After a long day of travelling we were welcomed by the hospital administrator and the medical director of the Bole hospital, and Dr. Joe kindly showed us around.  Many patients had responded to the radio broadcasts, so our days started early with the screening of patients that had queued up in front of the male ward.  After this we started surgery and worked together with the enthusiastic local operation team until all patients, that were put on the list that morning, were operated on.  The hospital has two functioning operating rooms and we therefore divided into two teams of a surgeon and a resident mixing the pairings. The vast majority of patients were operated on under local anesthetic, only some patients had a spinal anesthetic. We had the opportunity to use sterilized mosquito net meshes that worked very well.

Vitus, the pragmatic nurse anesthetist, organized the operation list and made sure everyone of the team knew exactly what to do.  Not a minute of our time there was lost. The whole team worked extremely hard, sometimes until late in the evening!  We had little chance to work together with Dr. Jatuat, the young local surgeon, who was kept busy with other patients since he and Dr. Joe are the only physicians in this region.  In total over the week we carried out 83 procedures in 74 men, women and children.  All patients stayed in the ward the night postoperatively and were discharged the next morning.

As a special treat after we finished Dr. Joe had kindly organized a send-off party with drinks and food (guinea fowl). We had the chance to thank the Bole Hospital staff for making us feel so welcome. We were presented with custom made smock, worn on special occasions. We would all like to reiterate our thanks to Dr Joe, Vitus and the staff at Bole Hospital. Finally we would also like to thank the Ghana Government for facilitating our mission. We will be visiting again.

Wenchi team

At Kumasi airport we were welcomed by Dr. Bibi Bosomtwe who took us on a 2.5 hour drive north through the beautiful Ghanaian landscape to the town of Wenchi.  Wenchi is the capital of Wenchi Municipal of the Brong-Ahafo Region in South Ghana with a population of around 40,000 people. On arrival we were greeted by Bernard Clement Botwe, the charismatic CEO of the Wenchi Methodist Hospital.  Afterwards we were brought to our accommodation for the upcoming week, a nice guesthouse just outside Wenchi. Here we were joined by Sarah, a Ghanaian scrub nurse with experience in assisting during the Operation Hernia Missions. She was asked specifically for this mission to come and assist, and to teach the scrub nurses of Wenchi Methodist Hospital.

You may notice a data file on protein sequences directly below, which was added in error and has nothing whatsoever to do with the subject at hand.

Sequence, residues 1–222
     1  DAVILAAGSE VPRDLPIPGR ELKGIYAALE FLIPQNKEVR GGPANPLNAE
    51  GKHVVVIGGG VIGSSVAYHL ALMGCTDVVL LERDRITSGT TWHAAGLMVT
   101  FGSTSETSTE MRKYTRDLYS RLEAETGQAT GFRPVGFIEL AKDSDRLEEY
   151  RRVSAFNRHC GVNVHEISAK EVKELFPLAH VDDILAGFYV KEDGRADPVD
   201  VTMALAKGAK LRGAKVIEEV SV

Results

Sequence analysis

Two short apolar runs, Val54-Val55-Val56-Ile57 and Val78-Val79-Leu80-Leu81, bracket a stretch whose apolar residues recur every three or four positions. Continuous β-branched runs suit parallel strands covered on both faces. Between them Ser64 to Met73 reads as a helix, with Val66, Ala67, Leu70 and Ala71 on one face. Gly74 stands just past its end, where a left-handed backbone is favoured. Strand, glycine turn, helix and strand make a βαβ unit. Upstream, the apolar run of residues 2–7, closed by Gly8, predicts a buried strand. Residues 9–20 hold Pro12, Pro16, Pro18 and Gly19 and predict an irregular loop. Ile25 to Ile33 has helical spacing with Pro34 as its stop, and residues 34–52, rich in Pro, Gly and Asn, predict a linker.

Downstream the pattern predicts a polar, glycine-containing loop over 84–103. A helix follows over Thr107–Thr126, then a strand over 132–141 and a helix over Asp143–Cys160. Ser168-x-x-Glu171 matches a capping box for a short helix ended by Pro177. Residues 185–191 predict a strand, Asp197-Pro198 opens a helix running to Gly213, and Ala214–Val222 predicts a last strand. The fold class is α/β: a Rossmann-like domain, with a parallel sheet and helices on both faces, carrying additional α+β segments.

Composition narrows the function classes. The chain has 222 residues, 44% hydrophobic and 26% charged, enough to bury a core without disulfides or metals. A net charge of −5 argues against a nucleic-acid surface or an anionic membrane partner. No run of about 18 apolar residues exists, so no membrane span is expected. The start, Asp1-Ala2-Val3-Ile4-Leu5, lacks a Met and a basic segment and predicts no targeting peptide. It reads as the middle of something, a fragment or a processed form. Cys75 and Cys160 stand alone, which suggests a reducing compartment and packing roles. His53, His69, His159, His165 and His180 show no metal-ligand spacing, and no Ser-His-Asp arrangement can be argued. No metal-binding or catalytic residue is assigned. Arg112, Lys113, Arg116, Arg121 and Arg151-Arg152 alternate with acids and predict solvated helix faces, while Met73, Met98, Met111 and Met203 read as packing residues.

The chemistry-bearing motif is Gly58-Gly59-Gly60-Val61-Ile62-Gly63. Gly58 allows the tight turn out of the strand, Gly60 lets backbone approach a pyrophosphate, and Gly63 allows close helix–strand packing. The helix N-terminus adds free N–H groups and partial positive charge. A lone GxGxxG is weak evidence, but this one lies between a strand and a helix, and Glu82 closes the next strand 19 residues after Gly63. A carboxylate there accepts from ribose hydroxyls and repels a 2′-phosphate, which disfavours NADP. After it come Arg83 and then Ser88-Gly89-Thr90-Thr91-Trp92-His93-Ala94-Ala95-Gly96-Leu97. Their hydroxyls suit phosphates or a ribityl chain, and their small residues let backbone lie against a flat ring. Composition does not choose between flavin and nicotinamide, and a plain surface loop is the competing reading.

On Monday morning we were picked up by the hospital bus and were taken to the Methodist Hospital.  It is a lovely typical Ghanaian hospital with approximately 300 beds. We met the anaesthesia medical officers, scrub nurses and the local physician we were going to train, Bismark Kubi.  After discussing our plans for the week we got acquainted with the two small but adequate operating theatres, which were going to be our work environment. The enthusiasm of the complete operating room (OR) personnel and everyone at the Wenchi hospital from the first second of our visit was impressive.

Every day started with screening of the potential patients. Numerous patients from the whole region surrounding the hospital had responded to the call for treatment. After screening, eligible patients were seated outside the operation theatres until surgery. Most patients were treated under local anaesthesia; they walked into the OR, underwent inguinal hernia correction with a mesh, and afterwards walked out of the OR by themselves. For exceptional cases, such as irreducible and bilateral hernias, spinal anaesthesia was available. Children with inguinal hernias were treated under general anaesthesia with Ketamine.

During our stay at Wenchi Methodist hospital, 45 patients with a total of 52 hernias were operated. Doctor Bismark Kubi, who was already well acquainted with hernia surgery but did not have any experience with the use of a mesh, was trained in performing the Lichtenstein procedure.  He proved to be a very skilled, kind and enthusiastic doctor who learned quickly. At end of the week, he was able to safely perform the procedure by himself. As we were able to donate a significant number of surgical meshes, adequate care of inguinal hernias at the Wenchi Methodist hospital can be continued.

We ended the week with a party on the final evening, which we organized to thank the staff of for their kind hospitality. Together with the OR personnel we looked back at a successful and enjoyable week. Kind words were spoken both from the Ghanaian and the Dutch side, and mutual hopes for future collaborations were expressed.